Open Access

Parametric Simulations of Slanted 1D Photonic Crystal Sensors

  • Aaron Breuer-Weil1,
  • Naif Nasser Almasoud2,
  • Badaruddin Abbasi3,
  • Ali K. Yetisen4, 5,
  • Seok-Hyun Yun4, 5 and
  • Haider Butt1Email author
Contributed equally
Nanoscale Research Letters201611:157

Received: 13 July 2015

Accepted: 19 February 2016

Published: 22 March 2016


Photonic crystals and band gap materials act as manipulators of light and have a plethora of applications. They are made up of stacks of alternating dielectric constants. This article shows the simulations of an inclined, one dimensional and tuneble photonic crystal, using numerical finite element methods. The photonic crystal was made up of silver nanoparticles embedded in a hydrogel matrix and it has the ability to change and recover its periodicity. A series of factors concerning the geometry of the lattice were tested in order to analyze the efficiency, performance and optimize the properties of the optical sensor. These factors range from the size of the nanoparticles and their density within the stacks, to observing the effect of diffraction angle in readouts.


Silver NanoparticlesPhotonic CrystalEffective Refractive IndexSpacing SizeReflection Band


Photonic crystals have been widely reported materials with a range of applications such as optical waveguides, [13] solar-cells, [4] improved optic fibers, [5] live virus detectors, [6], and medical diagnostics [7]. The research in photonic crystals has advanced significantly over the last decade [810]. Photonic crystals can be fabricated from nanoparticle-based structures consisting of alternating stacks of materials possessing different dielectric constants. The structures can be in up to three dimensions; [11] this article will observe the 1D photonic crystals exclusively, wherein the alternating dielectric constant only exists in one direction [12].

The specific configuration used is commonly known as a Bragg mirror and these structures act as efficient reflectors of specific wavelengths of electromagnetic radiation (photonic stopband) [13]. They restrict further propagation of these wavelengths through the lattice and rather they are reflected [14]. The band gap is brought about by constructive interference of reflected waves travelling through the lattice. The photonic band gap effect is highly desirable and can be used in both reflective and antireflective coatings [15], laser cavity end mirrors [16] and functionalized medical devices.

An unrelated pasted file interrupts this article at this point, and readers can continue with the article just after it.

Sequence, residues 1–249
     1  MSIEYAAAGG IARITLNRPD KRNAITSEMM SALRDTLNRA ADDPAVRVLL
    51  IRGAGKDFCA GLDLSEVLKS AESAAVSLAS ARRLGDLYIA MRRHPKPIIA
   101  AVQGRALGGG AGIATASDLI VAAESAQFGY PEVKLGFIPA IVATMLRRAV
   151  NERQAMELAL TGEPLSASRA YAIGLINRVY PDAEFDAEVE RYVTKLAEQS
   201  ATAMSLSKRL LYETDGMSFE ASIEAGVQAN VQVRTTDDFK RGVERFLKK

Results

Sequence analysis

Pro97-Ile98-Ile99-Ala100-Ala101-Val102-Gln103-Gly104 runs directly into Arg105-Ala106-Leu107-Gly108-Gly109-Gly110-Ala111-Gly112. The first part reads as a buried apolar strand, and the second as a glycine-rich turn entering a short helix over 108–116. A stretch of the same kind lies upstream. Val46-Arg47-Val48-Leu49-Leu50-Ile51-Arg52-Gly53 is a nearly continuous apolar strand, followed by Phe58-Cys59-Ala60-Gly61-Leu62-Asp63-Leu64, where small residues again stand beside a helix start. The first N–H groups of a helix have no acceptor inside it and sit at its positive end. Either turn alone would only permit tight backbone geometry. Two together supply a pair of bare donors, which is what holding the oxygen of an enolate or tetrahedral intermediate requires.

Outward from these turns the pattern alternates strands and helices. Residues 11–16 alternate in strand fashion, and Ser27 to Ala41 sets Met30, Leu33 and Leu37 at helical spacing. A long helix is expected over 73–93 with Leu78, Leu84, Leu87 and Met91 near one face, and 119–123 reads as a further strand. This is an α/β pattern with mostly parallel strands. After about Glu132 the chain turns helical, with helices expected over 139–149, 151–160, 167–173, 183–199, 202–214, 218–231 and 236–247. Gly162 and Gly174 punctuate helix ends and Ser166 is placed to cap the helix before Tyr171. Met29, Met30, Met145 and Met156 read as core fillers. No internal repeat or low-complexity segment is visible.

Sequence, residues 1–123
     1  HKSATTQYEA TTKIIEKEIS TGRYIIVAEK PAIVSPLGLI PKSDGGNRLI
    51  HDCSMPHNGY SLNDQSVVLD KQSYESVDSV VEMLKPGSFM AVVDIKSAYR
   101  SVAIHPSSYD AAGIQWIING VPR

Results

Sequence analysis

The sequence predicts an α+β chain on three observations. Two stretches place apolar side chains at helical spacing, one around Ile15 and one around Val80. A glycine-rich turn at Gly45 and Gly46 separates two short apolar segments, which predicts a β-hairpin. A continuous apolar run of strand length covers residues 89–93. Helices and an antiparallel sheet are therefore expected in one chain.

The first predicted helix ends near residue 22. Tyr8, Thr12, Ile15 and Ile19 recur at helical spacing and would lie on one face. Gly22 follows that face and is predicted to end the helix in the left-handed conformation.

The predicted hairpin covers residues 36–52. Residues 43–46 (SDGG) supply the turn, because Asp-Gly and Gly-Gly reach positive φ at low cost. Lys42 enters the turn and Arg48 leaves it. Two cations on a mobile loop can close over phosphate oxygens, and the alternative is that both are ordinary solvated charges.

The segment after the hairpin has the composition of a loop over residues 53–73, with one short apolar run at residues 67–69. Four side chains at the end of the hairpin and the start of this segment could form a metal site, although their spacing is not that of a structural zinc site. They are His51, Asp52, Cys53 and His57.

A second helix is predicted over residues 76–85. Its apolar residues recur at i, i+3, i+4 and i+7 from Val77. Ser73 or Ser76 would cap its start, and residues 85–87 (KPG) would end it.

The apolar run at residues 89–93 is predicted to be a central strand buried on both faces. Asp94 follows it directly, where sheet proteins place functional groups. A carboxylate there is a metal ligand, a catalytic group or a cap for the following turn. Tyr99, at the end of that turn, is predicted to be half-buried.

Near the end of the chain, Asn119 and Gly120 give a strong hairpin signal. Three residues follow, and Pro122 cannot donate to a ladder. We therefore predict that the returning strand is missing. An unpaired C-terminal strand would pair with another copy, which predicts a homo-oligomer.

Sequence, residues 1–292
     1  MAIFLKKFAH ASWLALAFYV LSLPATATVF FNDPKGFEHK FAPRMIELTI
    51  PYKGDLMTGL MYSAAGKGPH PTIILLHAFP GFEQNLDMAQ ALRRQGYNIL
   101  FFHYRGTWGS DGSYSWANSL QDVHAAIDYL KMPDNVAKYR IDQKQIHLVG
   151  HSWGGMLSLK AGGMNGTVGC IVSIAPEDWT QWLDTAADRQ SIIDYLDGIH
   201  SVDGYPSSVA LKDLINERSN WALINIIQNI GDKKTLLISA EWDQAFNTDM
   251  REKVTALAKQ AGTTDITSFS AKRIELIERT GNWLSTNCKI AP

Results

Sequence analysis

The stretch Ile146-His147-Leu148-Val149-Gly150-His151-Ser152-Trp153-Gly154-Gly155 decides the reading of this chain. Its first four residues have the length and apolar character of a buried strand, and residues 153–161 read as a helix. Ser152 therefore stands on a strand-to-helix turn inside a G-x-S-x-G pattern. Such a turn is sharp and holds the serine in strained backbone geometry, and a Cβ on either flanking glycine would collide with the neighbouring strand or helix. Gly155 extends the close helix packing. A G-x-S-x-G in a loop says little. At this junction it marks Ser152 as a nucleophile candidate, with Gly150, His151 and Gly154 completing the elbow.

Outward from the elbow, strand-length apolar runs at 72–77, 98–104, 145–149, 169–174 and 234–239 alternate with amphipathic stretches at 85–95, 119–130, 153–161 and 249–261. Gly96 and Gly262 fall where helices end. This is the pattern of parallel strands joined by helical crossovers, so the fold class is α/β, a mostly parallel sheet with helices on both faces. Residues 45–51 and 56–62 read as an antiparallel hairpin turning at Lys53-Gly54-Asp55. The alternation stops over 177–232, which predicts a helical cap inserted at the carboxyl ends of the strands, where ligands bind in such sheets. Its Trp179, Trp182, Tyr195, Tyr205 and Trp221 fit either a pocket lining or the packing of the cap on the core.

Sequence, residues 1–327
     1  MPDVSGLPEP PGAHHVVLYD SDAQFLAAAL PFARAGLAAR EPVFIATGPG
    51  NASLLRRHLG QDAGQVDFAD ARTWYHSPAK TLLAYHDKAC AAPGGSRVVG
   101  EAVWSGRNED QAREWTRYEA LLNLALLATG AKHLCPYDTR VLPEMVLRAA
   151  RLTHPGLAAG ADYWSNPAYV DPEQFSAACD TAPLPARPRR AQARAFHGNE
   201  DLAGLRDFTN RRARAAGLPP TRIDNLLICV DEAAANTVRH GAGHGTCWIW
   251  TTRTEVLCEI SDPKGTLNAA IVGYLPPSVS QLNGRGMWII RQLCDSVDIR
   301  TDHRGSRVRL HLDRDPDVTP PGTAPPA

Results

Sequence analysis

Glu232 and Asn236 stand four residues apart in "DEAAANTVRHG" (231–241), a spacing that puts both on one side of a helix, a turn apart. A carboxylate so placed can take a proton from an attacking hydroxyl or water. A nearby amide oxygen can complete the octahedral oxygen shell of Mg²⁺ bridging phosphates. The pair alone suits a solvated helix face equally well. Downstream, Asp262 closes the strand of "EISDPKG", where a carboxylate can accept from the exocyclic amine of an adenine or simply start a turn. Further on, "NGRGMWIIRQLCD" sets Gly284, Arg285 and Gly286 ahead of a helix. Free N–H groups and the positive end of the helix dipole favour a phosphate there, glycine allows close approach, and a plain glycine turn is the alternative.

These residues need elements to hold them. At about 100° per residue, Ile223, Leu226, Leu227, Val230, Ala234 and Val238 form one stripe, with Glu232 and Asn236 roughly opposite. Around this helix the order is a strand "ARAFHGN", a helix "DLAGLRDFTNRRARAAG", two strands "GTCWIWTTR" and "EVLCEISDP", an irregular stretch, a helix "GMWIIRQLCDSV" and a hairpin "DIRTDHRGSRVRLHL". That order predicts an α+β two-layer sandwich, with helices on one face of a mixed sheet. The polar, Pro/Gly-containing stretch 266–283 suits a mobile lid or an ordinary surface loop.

The photonic crystal that is analyzed consisted of silver nanoparticles which are embedded in poly(hydroxyethyl methacrylate) (pHEMA) hydrogel (Fig. 1a-b) [17]. A relatively cost effective construction method using laser-based photochemical patterning allows creating this tuneable photonic crystal [18, 19]. This crystal changes its periodicity to control specific wavelengths of light, rendering it both tunable and reversible. When compared to other optical filtering techniques such as plasmonic nanoparticle films [20, 21] this device offers dynamic and reversible tunability within the hydrogel volume. Previously we have presented optical biosensors based on 1D photonic crystals [18, 22]. In this work, we analyse a series of simulations run using finite element method to inspect the efficiency and performance, as well as the tunability of Bragg mirror sensors with a 5° slanted lattice akin to blazed transmission gratings.
Fig. 1

1D photonic crystal sensors. a-b Schematic of the photonic crystal’s tuning mechanism. c Simulation geometry (with 6 stacks) and d the associated mesh of finite elements


Two-dimensional (2D) modeling of the photonic crystal sensor was achieved using finite element analysis, (COMSOL Multiphysics®. This software was used in conjunction with MATLAB in order to generate the nanoparticle-based structures, which were utilized to simulate different model geometries. A MATLAB code was written to enable the construction of the 1D photonic crystal sensor. The code was set up to generate randomly sized nanospheres distributed within periodic layers. The nanospheres’ positions within the layers were defined such that vertically they were normally distributed but in the horizontal axis, position was given by a normal random distribution where the average position was fixed at a distance equivalent to the lattice constant. The nanospheres therefore were effectively forced to take a position within a rectangular domain (layers), defined by these aforementioned conditions (Fig. 1(c)). The radii of the nanospheres (representative of silver nanoparticles) were also given by a normal random distribution to mimic fabricated devices [17, 23].

The code allowed for the control of the average radius of the nanospheres where the initial run used a value of radius r = 9 nm with a standard deviation of 2 nm. The wavelength was selected to reflect λ = 450 nm at its maxima and refractive index of the hydrogel medium - that the nanoparticles were embedded in – was set to n = 1.512. This allowed for the calculation of the lattice constant where l = λ/2n. Other controllable parameters included number of nanospheres within each stack and number of stacks.